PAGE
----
We watched this grizzly bear for a long time before it decided to take a stroll.
A video of a grizzly bear in Kluane National Park.

     We finally made it to the "main" part of Alaska but the last stretch of highway was awful.  I mean 200+ miles of "pure screaming hell."  (Sorry, "pure screaming hell" was the name of one of my favorite rapids on the Gauley River in West Virginia.)  It seems that modern technology has not yet figured out a way to build a road on permafrost.  If you dig into the soil to build a road-bed, the permafrost melts, the road sinks several feet, and fills with water.  The current solution is to build the road on top of the soil and insulate the permafrost from melting.  Good idea?  Maybe but there is nothing to stop the permafrost from thrusting and heaving to create a huge roller coaster ride with devastating consequences to the suspension systems and frames of all vehicles.  The solution--a constant state of road construction with miles upon miles of gravel and wash-boarding.  Our speed on the last 200 miles of the trip to Tok, Alaska rarely exceeding 35 mph and dropped below 10 mph for a couple of hours on this "road from Hell."
An avalanche chute in Kluane National Park.
     Of course, we got a major "silver lining" as we saw a bull moose lazily grazing in a lake and 2 grizzly bears!  The bears were hanging out on the side of the road doing typical bear stuff and gave us little heed as we stopped to watch.  These things look so huggable; but I couldn't get Nancy out there to try.
There's my moose!
     After departing from the Haines/Skagway vacation, we ended up in Haines Junction, YT.  This tiny town seems to have nothing, except a great bakery and its proximity to Kluane National Park, a UNESCO (United Nations Educational, Scientific and Cultural Organization) World Heritage Sight. First, the bakery.  Every Friday night they put on a delicious salmon bake and provide music well into the evening.  (I can't say night as it never gets dark here.)  There we mixed it up with the locals and met an interesting Canadian couple on a 1 year RV journey with their 15 year old daughter.
The Haines Junction "muffin."
We still can't figure out what this is supposed to be. 

A tiny Catholic Church in Haines Junction built from a quonset hut.
     Kluane is amazing and well deserving of its world heritage designation.  However, it is a park that nobody ever sees.  Weird, huh?  Starting in Haines, AK and traveling 146 miles east to Haines Jct.,YT; then heading north for over 200 miles to Tok, AK; then finally going 254 miles west to Valdez, AK; Kluane combined with Wrangell-St. Elias National Park (in Alaska) thrusts up a massive wall of snowy mountains which form a complete blockade to all but the hardiest individuals from penetrating its interior.  This wall imprisons thousands of miles of icy wilderness containing Mount Logan, Canada's highest mountain as well as the world's largest sub-polar ice field.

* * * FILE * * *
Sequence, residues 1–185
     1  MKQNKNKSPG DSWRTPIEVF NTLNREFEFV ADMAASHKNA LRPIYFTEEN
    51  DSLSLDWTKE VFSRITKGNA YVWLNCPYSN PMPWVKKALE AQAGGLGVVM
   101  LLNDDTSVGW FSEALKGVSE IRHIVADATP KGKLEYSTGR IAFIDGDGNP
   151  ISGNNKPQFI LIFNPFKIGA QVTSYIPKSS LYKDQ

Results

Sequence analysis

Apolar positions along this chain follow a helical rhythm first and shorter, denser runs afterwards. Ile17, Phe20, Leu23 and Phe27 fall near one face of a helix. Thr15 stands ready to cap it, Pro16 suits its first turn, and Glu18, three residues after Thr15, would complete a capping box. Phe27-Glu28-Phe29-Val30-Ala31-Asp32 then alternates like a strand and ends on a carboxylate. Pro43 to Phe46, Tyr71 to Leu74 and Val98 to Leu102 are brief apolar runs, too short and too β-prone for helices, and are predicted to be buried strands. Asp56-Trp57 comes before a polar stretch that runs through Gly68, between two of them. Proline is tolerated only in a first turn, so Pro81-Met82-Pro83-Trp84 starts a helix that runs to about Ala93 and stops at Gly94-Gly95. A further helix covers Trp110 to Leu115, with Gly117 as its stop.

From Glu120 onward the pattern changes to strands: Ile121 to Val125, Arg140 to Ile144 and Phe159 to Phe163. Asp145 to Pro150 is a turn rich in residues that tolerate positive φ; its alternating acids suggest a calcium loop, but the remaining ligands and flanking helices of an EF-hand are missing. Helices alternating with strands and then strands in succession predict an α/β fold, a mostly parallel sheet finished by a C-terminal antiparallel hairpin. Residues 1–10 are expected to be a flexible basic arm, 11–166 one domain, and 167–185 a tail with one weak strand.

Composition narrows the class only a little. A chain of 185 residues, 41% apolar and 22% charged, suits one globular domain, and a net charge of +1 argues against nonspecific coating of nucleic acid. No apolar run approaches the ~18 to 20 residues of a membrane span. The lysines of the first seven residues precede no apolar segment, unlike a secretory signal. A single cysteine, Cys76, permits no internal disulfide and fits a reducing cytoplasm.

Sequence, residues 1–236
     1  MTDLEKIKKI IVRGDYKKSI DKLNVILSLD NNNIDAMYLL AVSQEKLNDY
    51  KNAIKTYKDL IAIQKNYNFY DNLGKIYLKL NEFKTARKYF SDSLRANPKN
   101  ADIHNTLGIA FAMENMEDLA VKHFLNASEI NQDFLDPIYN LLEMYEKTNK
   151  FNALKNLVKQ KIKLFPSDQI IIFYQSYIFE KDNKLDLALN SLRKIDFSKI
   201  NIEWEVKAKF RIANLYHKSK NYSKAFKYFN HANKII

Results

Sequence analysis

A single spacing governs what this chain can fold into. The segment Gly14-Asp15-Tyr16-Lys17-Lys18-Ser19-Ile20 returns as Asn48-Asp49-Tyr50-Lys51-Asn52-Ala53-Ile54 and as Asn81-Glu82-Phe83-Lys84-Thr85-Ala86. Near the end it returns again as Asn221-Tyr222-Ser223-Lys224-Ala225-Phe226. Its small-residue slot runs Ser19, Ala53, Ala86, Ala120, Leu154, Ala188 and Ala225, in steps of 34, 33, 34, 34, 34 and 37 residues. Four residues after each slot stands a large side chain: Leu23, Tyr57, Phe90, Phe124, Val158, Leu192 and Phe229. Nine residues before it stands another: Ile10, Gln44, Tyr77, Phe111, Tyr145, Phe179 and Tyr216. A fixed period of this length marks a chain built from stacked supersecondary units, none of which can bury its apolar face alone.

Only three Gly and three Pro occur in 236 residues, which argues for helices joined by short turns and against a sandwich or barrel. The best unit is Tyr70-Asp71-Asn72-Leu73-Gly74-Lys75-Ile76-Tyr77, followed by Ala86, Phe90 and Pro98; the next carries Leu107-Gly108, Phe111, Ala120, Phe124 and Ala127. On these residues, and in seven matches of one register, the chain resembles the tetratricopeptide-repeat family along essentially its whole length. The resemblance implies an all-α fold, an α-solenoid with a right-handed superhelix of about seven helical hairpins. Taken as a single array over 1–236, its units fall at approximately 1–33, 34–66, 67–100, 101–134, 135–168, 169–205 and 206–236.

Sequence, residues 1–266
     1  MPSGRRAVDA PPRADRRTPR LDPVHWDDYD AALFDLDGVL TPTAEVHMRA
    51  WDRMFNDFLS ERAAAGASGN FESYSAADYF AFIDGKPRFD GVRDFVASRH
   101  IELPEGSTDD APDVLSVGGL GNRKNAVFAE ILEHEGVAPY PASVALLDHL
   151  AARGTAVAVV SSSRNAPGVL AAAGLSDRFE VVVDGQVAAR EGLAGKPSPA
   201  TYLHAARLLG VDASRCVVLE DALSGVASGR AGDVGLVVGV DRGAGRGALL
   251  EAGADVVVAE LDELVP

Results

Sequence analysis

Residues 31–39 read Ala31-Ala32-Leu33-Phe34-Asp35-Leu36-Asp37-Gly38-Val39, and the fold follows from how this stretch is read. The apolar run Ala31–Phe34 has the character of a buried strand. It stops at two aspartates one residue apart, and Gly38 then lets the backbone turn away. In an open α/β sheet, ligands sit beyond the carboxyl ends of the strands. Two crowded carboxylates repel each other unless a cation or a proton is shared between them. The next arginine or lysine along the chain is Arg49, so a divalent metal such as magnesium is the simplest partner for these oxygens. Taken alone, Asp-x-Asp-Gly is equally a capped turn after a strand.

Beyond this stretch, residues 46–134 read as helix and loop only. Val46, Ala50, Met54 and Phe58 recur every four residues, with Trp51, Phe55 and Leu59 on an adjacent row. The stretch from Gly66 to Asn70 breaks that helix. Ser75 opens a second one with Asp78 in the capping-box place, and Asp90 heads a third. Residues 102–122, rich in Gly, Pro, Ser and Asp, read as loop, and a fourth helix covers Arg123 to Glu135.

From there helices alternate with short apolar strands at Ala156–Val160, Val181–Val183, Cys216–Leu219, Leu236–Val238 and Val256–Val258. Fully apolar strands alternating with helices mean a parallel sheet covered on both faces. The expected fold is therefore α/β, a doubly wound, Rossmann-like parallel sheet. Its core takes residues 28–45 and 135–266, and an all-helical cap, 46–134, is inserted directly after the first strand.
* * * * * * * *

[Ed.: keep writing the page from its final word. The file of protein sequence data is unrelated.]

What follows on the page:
3 photos of Kluane National Park.
     There are no roads which pass through the wall so the only way to view this remote wilderness is via a plane or by a grueling multi-week backpack.  Although foreboding, the wall ranks up there with some of the most fantastic scenery on the continent.  I managed to find 2 day hikes which got me high enough to catch a glimpse of a couple of interior peaks and glaciers, but I was not up for the challenge of a full blown expedition.

Views from one of my hikes in Kluane National Park.
     Before leaving Haines Junction we took a day trip on the Haines Highway and almost made the 146 miles to Haines.  Since we travelled to Haines by ferry the week before, we decided not to go the full distance.  This was another beautiful drive along the Kluane National Park peaks and over a mountain pass.  We actually travelled out of the Yukon Territory and through British Columbia before dropping into Alaska on this trip.
Kluane National Park on the Haines Highway.
We loved the patterns created by the snow in a mountain
pass on the Haines Highway.
Just another beautiful Mountain on the Haines Highway. 
     After leaving Haines Junction we only traveled 90 minutes up the road in order to experience more of Kluane park.  We scored a campsite directly on Kluane Lake (Yukon Territory's largest lake) where we could watch the mountains and catch views of Dall Sheep and bears.  The lakeshore even coughed-up a few excellent rocks for Nancy's collection.  We also met some new friends in the campground, Jim & Barb Nelson.  We spent 2 days with this interesting couple and discovered that we will be in the same campground in Denali National Park at the same time in July.

2 views from our campsite on Kluane Lake.
Kluane National Park from the Sheep Creek Trail.
An inauspicious start to my hike on
Sheep Creek Trail in Klaune National Park.
     We are now in Tok, Alaska which has nothing to offer except traveler services.  The town has several repair shops which specialize in tires, suspension systems, and frame welding.  Oh yeah, it also has a car/truck wash on every corner as nobody makes it this far without looking like a muddy mess.  Next we will head to Valdez, AK to see the pipeline and the Prince William Sound.
A video of a black bear in Hyder, Alaska.


A new version of the map of our travels can be viewed by opening the link below:


  1. Great to meet you guys, will catch up to you in Denali if not before!

  2. Great post and pics. Sure brings back memories. Have a great trip.

  3. So you did not get beyond the northern wall which is impenetrable... are you watching Game of Thrones?! The scenery is as amazingly beautiful as it is isolated. Enjoy and be safe!


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